What do you think ladies; will you stand up together to join the senator’s demands or do you think she has this completely wrong?
Bernie Sanders is known for sticking to his guns — literally — and that might be his undoing in big, bullet-strafed states like New York.
Sanders, a paragon of political consistency who has almost never flip-flopped on a major issue, enters Tuesday’s critical primary here lagging badly behind Hillary Clinton among black voters. A significant drag on his popularity in violence-ravaged African-American neighborhoods remains his refusal to back a Democratic bill that would hold weapons manufacturers liable for gun violence. Clinton, fairly or not, is painting a solid small-state progressive as a callous gunslinger carrying the NRA’s ammo against the interests of black urbanites.
His option? Change positions. That’s what Kirsten Gillibrand, a proud, passionate turncoat on guns, urges her Senate colleague from Vermont to do for the sake of his politics and, you know, his immortal soul. New York’s junior senator, a passionate Clinton backer and feminist, broke down during an emotional sit-down here for POLITICO’s “Off Message” podcast when I asked her about her own conversion from an upstate House member with a 100 percent NRA rating (who once stored a shotgun under her bed) to an upper-chamber anti-gun crusader.
“I was somebody who was not as focused on this, as I should have been, as a House member. Meeting these families devastated me, broke my heart,” said Gillibrand, when I suggested she switched positions as a matter of political expediency in a deep-blue state where most Democrats favor stringent gun restrictions.
Gillibrand, a 49-year-old mother of two young sons not prone to public expressions of emotion, began to cry in mid-sentence. “It’s so crippling — I mean, I sat down with a mother last week in Brooklyn, and she lost her 4-year-old baby … she took her kid to a park,” she said. “Every mom takes their kid to a park. And she took her kid to a park and the kid was killed, a baby, a 4-year-old. … [Sanders] doesn’t have the sensitivity he needs to the horror that is happening in these families. I just don’t think he’s fully getting how horrible it is for these families.”
Her reaction took me by surprise, in part because I’d covered her appointment to Clinton’s vacated Senate seat in 2009 by feckless then-Gov. David Paterson, when she was known for her conservative, Blue Dog Democratic politics. Barely 40, she also had a reputation as a young-woman-in-a-hurry — and I co-authored a story quoting an unnamed congressional colleague calling her “Tracy Flick,” the scheming high school presidential candidate from the movie “Election.”
Gillibrand embodies the changing politics of guns as well as anyone, having run for Congress in 2006 as part of class of candidates recruited by then-Democratic Congressional Campaign Committee Chairman Rahm Emanuel geared at pulling the party back to the center. She won her right-of-center district on a platform that included her opposition to amnesty for undocumented immigrants, her commitment to balancing the federal budget and, above all, her vow to protect gun rights.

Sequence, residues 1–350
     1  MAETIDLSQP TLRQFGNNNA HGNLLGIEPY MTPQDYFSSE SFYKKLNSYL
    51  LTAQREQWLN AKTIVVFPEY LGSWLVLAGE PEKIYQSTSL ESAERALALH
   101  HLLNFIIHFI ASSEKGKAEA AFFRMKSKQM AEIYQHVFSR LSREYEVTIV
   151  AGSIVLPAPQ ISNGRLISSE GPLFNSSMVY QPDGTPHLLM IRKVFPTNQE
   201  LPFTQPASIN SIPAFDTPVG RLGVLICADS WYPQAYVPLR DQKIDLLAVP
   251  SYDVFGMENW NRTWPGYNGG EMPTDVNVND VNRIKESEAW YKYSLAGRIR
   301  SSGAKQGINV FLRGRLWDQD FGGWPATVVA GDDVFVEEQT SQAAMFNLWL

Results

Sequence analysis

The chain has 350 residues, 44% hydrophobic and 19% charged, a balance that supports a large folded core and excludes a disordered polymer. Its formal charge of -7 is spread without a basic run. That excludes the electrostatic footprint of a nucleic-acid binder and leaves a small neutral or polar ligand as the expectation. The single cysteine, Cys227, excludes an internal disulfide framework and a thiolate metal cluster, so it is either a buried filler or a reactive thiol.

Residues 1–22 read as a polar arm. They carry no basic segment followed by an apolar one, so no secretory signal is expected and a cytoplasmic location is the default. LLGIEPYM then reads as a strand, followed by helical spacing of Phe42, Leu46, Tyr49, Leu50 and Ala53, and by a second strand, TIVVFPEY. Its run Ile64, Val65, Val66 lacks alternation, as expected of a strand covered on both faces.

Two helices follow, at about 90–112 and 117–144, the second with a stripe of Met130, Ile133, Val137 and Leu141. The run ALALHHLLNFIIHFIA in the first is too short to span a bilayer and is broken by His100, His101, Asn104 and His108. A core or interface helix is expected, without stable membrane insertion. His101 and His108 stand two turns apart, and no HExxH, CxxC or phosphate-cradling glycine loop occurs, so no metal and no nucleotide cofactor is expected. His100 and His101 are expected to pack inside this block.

Her critics (some of them envious members of the state’s uniformly liberal congressional delegation) suggested her wedding with the gun control movement was of the shotgun variety.
But Gillibrand says her whipsaw transformation was genuine. Her mostly white, semi-rural district outside the state capital closely resembles Sanders’ Vermont, and Gillibrand says she’d simply never seen the impact of guns in big cities. She took her first step away from the NRA by introducing a gun-trafficking bill at the behest of former Mayor Michael Bloomberg’s police commissioner, Ray Kelly.
Whatever her initial motivations, Gillibrand possesses the zeal of the converted and sees guns as the issue that will allow Clinton to generate the kind of enthusiasm for her candidacy — especially among women — that has thus far been missing from her candidacy. “This debate is relegated to the men. It’s about hunting? It has nothing to do with hunting,” she said. “Nothing in this debate has to do with hunting, and nothing in this debate has to do with the Second Amendment rights. Nothing. … I think — I see the world in the lens of women’s issues. I’m making everything a woman’s issue. I want guns to be a woman’s issue.”
Clinton, who has been campaigning with African-American mothers whose kids were killed in gun crimes, isn’t going quite far enough, Gillibrand says. She wants a “women’s crusade” on the issue, adding that Clinton “might not have made that connection in her own mind. I’ve made that connection.”